What was Alberto Carvalho thinking?
Highly ambitious and politically shrewd, the man who rose from undocumented dishwasher to CEO of Miami’s sprawling school system finally had the “most coveted job in education” in his hands and he let it go in spectacular fashion.
By privately agreeing to become New York City’s next schools chancellor and then backing out during an emergency school board meeting broadcast live in two media markets, the former national superintendent of the year spurned a big-city mayor, burned the New York media, and seemingly boxed himself in to his job in Miami. As quickly as the cheers erupted at home, the hype of potential jobs in L.A., New York and D.C. evaporated.
Now, in the aftermath, this much seems certain: Carvalho is staying in Miami, but his ambitions are as big as they’ve ever been. And with his superintendent contract up in 2020, two scenarios seem most likely: negotiate a long-term extension or run for county mayor.
“He’s accrued an enormous cache of political capital,” said Keith Donner, a longtime political consultant for Miami’s teachers union. “A lot of us are wondering how he’s going to spend it.”
He’s accrued an enormous cache of political capital. A lot of us are wondering how he’s going to spend it.
Keith Donner, political consultant
And that’s how Carvalho likes it.
Since before he even became Miami-Dade’s superintendent — a job he has already held three times longer than the average big-city schools boss — he has flirted with leaving for other jobs and more recently with running for office. His name has been rumored in Los Angeles, and he considered running for Congress last year after Rep. Ileana Ros-Lehtinen announced she was retiring. He briefly surfaced as a rumored gubernatorial candidate ahead of the 2014 elections, and he was at one point a popular pick to mount a challenge against County Mayor Carlos Gimenez, whose term is up just months after Carvalho’s contract expires.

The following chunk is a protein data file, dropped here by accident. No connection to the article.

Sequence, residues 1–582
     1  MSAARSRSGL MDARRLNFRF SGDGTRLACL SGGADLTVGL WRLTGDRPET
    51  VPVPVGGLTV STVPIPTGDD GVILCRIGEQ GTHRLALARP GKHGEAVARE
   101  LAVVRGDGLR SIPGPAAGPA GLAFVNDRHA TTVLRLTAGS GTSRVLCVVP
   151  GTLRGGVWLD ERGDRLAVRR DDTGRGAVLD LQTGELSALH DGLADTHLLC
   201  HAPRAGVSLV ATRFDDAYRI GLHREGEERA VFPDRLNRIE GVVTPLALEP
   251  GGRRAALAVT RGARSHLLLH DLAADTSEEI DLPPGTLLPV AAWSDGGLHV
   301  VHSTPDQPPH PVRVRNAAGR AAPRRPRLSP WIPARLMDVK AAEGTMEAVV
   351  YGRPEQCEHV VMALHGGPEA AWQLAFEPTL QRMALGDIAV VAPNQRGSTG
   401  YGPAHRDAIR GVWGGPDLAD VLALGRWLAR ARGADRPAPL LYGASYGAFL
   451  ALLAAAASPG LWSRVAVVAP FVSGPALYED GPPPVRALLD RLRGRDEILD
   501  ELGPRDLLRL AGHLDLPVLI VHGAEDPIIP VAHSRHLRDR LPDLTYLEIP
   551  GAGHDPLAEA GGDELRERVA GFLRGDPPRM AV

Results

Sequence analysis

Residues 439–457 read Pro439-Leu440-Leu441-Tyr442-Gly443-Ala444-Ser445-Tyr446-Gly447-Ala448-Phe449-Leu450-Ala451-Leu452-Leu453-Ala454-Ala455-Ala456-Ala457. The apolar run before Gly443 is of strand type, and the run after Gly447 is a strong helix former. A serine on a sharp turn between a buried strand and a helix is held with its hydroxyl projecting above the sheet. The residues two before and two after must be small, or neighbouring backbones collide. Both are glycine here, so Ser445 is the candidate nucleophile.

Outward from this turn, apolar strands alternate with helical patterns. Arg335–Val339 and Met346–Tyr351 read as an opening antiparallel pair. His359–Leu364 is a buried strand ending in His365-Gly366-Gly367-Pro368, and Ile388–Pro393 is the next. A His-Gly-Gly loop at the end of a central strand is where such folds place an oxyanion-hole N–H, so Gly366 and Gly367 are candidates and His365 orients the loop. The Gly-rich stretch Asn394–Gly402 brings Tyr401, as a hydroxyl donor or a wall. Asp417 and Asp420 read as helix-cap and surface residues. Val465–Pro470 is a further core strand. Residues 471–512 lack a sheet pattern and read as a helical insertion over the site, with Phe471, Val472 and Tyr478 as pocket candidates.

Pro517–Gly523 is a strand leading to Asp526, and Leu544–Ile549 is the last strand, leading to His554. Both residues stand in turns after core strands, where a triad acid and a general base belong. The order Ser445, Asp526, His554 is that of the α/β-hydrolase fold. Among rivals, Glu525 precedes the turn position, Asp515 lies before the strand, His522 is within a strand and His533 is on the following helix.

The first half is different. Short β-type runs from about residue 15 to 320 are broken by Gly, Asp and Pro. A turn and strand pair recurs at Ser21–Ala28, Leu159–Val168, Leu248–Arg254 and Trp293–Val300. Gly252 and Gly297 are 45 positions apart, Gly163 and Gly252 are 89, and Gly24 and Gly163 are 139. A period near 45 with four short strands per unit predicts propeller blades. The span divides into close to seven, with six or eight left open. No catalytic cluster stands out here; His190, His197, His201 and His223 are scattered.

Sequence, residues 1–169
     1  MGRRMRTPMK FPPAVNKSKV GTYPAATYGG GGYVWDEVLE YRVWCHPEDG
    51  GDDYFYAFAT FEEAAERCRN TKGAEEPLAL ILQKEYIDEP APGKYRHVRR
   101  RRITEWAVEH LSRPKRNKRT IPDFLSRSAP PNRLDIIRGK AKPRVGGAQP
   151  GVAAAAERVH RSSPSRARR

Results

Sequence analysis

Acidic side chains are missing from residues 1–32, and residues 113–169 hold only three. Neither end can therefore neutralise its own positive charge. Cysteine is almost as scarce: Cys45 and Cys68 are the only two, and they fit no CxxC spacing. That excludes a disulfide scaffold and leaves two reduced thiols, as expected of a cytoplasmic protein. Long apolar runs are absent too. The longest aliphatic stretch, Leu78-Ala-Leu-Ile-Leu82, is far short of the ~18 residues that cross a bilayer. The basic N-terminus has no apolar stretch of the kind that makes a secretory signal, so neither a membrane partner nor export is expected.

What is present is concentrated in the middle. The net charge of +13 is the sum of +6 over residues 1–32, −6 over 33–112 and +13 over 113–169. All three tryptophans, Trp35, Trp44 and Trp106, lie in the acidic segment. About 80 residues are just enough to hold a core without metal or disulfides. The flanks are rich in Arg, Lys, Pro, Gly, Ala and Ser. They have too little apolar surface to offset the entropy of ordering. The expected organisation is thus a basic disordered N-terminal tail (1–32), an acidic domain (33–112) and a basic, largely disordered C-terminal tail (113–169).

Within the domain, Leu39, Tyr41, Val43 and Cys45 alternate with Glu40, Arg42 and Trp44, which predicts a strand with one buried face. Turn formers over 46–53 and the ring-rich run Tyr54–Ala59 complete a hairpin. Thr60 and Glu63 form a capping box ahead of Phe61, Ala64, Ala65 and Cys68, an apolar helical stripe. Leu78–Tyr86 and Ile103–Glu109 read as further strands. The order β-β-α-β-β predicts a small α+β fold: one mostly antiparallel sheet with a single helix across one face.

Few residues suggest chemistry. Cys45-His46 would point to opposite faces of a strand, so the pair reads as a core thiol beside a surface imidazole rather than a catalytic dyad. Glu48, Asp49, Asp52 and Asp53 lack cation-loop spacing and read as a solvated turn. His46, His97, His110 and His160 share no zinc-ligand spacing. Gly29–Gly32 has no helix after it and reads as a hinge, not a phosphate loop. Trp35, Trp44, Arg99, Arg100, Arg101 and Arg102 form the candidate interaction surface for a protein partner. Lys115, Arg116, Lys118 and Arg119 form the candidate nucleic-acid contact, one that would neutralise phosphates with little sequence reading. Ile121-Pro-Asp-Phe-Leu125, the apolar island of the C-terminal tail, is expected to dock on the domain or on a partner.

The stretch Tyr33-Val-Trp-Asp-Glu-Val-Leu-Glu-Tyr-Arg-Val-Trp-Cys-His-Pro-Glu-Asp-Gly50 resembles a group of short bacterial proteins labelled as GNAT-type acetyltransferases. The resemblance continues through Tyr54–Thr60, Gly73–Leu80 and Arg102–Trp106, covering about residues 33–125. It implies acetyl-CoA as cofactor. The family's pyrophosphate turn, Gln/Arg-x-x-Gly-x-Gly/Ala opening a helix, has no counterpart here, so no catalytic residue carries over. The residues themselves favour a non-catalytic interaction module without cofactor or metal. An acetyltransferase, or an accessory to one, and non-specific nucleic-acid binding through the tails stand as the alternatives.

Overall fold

Carvalho told reporters that he was swayed at the “13th hour” by students and friends who spent hours Thursday lavishing him with praise and begging him to stay. Asked whether he would run for mayor, he said he remains committed to Miami’s youth but didn’t exactly answer the question.
My ambition is the students and the academics in our community and the influence I think we can have on the academic lives of our children.
“My friends celebrated the naming of Alberto Carvalho as chancellor in New York City. My enemies also celebrated that because they wanted me to go,” he said. “I have only one ambition: My ambition is the students and the academics in our community and the influence I think we can have on the academic lives of our children.”
Take that as a denial of political interests, if you like. But how confident are you that Carvalho’s only life mission is in academics? As confident as New York Mayor Bill de Blasio was Wednesday that Carvalho was coming to New York?
Xavier Suarez, a county commissioner and former Miami mayor weighing a run to succeed Gimenez in 2020, said the school board spectacle this week had him wondering if a mayoral run was in the superintendent’s future.
“He would be a formidable candidate,” said Suarez, who is also the father of Miami Mayor Francis Suarez. “He’s not someone I would like to face as an opponent.”
Donner, speaking on his own behalf as a political consultant, said polls consistently show Carvalho registering positively with around two-thirds of voters. That reputation has been tested before: When the school board sought to fund more than $1 billion in school improvements through a property tax, Carvalho acted as the front man to help sell the deal in tax-weary Miami.